Scottish National Dictionary (1700–)

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PEESWEEP, n. Also peese-, peas(e)-, pie(s)-, peez(i)e-; -w(e)ip, -wheep, -weet, and dim. or reduced forms peesie, peasie, peisie, peezer (Per., Fif.); peewe(e)t, -wit, -wheet, -wheat (Uls.); -whaup (Fif.); weep; -wee; -vik (Rs., Mry., Bnff. 1921 T.S.D.C. 16). [′pi:z′wip, ′pi′wi(t)]

1. The lapwing, Vanellus vulgaris or cristatus (Dmb. 1795 Stat. Acc.1 XVII. 251; Ags., Slg. 1885 C. Swainson Brit. Birds 184) or its cry. Gen.Sc. s.Sc. 1801  J. Leyden Complaynt 378:
In the south of Scotland, this bird is termed the peesweep. In the south and west of Scotland, it is much detested, though not reckoned ominous.
Rnf. 1807  R. Tannahill Poems (1900) 20:
The peesweep's scraichin owre the spunkie-cairn!
Sc. 1829  Scott Tales of Grandfather l.:
[The Covenanters] expressed great dislike of that beautiful bird, the Green-plover, in Scottish called the Peeseweep. The reason alleged was, that these birds being, by some instinct, led to attend to and watch any human beings whom they see in their native wilds, the soldiers were often guided in pursuit of the wanderers . . . by the plover being observed to hover over a particular spot.
Sc. 1832  A. Henderson Proverbs 10:
The peasweep aye cries farest frae its ain nest.
Dmf. 1847  Chambers's Jnl. (14 Aug.) 112:
The paitrick, the pewheet, the wild bumble bee.
Sc. 1893  Stevenson Works (1907) 295:
Hear about the graves of the martyrs the peewees crying, And hear no more at all.
Fif. 1899  Proc. Philos. Soc. Gsw. 12:
The teuchat was followed as it wailed out in circles round the intruder, “Peese-weet, peese-weet, hairy my nest, and gar me greet.”
ne.Sc. 1909  G. Greig Folk Song lxv. 3:
We'll hear the wail of the peezieweep.
Lth. 1918  A. Dodds Lothian Land 7:
I'm fain to be where the lone pee-wee Utters his plaintive cry.
Lnk. 1923  G. Rae 'Mang Lowland Hills 32:
The lang-lo'ed muir I ken, Whaur whaups an' peesers nest.
Kcd. 1933  L. G. Gibbon Cloud Howe (1937) 170:
She wrote with her finger another name across that of her own, on the kirkyard dyke, and heard as she wrote far up in the Kaimes a peesie wheep.
Dmf. 1962  Stat. Acc.3 141:
Lapwings (peezies) are scarcer and so are sandpipers.
s.Sc. 1964  Southern Reporter (7 May) 11:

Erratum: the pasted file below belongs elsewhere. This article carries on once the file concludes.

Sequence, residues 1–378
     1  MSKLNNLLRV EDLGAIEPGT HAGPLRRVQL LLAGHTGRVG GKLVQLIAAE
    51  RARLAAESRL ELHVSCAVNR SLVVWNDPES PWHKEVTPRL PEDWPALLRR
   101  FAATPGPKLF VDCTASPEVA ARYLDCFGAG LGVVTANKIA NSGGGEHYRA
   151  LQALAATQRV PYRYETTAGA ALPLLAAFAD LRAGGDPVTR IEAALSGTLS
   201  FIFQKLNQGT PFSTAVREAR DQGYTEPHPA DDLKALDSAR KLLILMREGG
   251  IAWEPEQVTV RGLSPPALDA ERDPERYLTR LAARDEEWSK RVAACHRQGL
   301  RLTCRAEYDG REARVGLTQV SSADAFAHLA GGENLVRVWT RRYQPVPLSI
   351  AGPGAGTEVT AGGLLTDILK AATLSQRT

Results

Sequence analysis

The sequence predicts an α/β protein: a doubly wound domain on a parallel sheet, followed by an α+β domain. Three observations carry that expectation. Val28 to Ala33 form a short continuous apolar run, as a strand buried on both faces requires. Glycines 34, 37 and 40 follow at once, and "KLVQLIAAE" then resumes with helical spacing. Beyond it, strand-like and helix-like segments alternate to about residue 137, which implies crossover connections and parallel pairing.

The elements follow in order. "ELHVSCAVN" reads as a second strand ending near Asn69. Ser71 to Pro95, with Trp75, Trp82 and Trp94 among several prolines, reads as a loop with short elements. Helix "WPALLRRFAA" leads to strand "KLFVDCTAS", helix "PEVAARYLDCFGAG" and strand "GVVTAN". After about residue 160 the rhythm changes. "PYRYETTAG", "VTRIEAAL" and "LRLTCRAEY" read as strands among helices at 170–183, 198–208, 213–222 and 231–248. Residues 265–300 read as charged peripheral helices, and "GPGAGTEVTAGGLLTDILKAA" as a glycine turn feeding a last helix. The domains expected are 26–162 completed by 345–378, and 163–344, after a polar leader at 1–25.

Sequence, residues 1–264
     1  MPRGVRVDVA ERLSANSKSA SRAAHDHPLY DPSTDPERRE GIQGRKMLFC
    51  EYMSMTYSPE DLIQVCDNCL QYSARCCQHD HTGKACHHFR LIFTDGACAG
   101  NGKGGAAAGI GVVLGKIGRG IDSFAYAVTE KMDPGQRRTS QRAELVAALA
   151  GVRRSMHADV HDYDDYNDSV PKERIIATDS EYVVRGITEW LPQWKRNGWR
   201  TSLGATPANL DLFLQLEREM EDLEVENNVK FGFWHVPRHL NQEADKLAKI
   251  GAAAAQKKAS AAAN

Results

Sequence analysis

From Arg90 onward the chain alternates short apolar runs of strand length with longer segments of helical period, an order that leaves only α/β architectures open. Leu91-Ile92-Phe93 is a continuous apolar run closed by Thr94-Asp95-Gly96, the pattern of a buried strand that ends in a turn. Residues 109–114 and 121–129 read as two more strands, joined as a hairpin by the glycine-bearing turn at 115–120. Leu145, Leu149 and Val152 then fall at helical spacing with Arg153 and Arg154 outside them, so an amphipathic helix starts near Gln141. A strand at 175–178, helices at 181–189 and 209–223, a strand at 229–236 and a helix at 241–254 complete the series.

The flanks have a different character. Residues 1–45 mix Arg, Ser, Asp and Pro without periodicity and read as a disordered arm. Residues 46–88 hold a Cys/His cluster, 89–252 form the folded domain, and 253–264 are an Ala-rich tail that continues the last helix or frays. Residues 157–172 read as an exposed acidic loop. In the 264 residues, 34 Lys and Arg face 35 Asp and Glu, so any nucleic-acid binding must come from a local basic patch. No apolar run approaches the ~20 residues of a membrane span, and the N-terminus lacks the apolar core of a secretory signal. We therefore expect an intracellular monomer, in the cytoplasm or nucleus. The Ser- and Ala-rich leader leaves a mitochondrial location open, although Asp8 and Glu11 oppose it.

The peaseweeps' call often makes me sad.

Combs.: (1) peesie's eggs, the fritillaria, ? from the markings on its leaf (Ags., Per. 1965); (2) peesweep grass, a type of rush, Luzula campestris (Bwk. 1853 G. Johnston Botany E. Borders 200; Rxb. 1915 Jedburgh Gazette (17 Sept.) 3); (3) peesweep storm, a gale or snowstorm in the early spring, about the time the lapwings begin to pair. Cf. teuchat storm s.v. Teuchat. (3) m.Lth. 1897  P. H. Hunter J. Armiger's Revenge iii.:
Last Candlemas, whan the Peesweep Storm cam', an' the snaw was drifted sax feet deep in the Swyre, an' the yowes were smoored at the heid dyke.

2. Fig., used attrib. of human beings or their characteristics: sharp-featured, gaunt; shrill-voiced, shrewish, whining, complaining, peevish, ailing. Also in adj. forms pees-weepy, peesie-weesie (Lth. 1825 Jam.; Wgt. 1965), peasweep-like, -lookin' (Fif. 1825 Jam.), id. Cf. 3. below. Lth. 1808  Jam.:
A peesweepy creature, a whinging sort of person.
Mry. 1873  J. Brown Round Table Club 339:
Ony peesie-weesie, close-handit, peer-hairtit, nairrow-sowled coonterfeit in Gweed's creation.
Lnk. 1881  A. Wardrop Poems 22:
Come back oot o' there, you peeseweep-lookin' thing ye.
em.Sc. 1929  Sc. Readings (Paterson) 110:
A peesy-weezy milk-an'-water delicate-looking object!
Abd. 1940  C. Gavin Hostile Shore i.:
I tellt her she was turned a peesy-weesy craitur: a sup milk and a boiled egg would ha' done for her denner ony day.

3. An empty-headed, vain person, one who is strident, loud-voiced and showy. Lnk. a.1779  D. Graham Writings (1883) II. 139:
Go, go, ye painted pisweips to fairs and waddins, and there display your proud banners of pride.

4. A miner's singlet, usu. of blue-grey flannel, like a lapwing's wings (Fif. 1965).

[Onomat., from the bird's cry. Variant forms of peesweep, peewit are also found in gen. dial. use in Eng.]

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"Peesweep n.". Dictionary of the Scots Language. 2004. Scottish Language Dictionaries Ltd. Accessed 21 Nov 2019 <>



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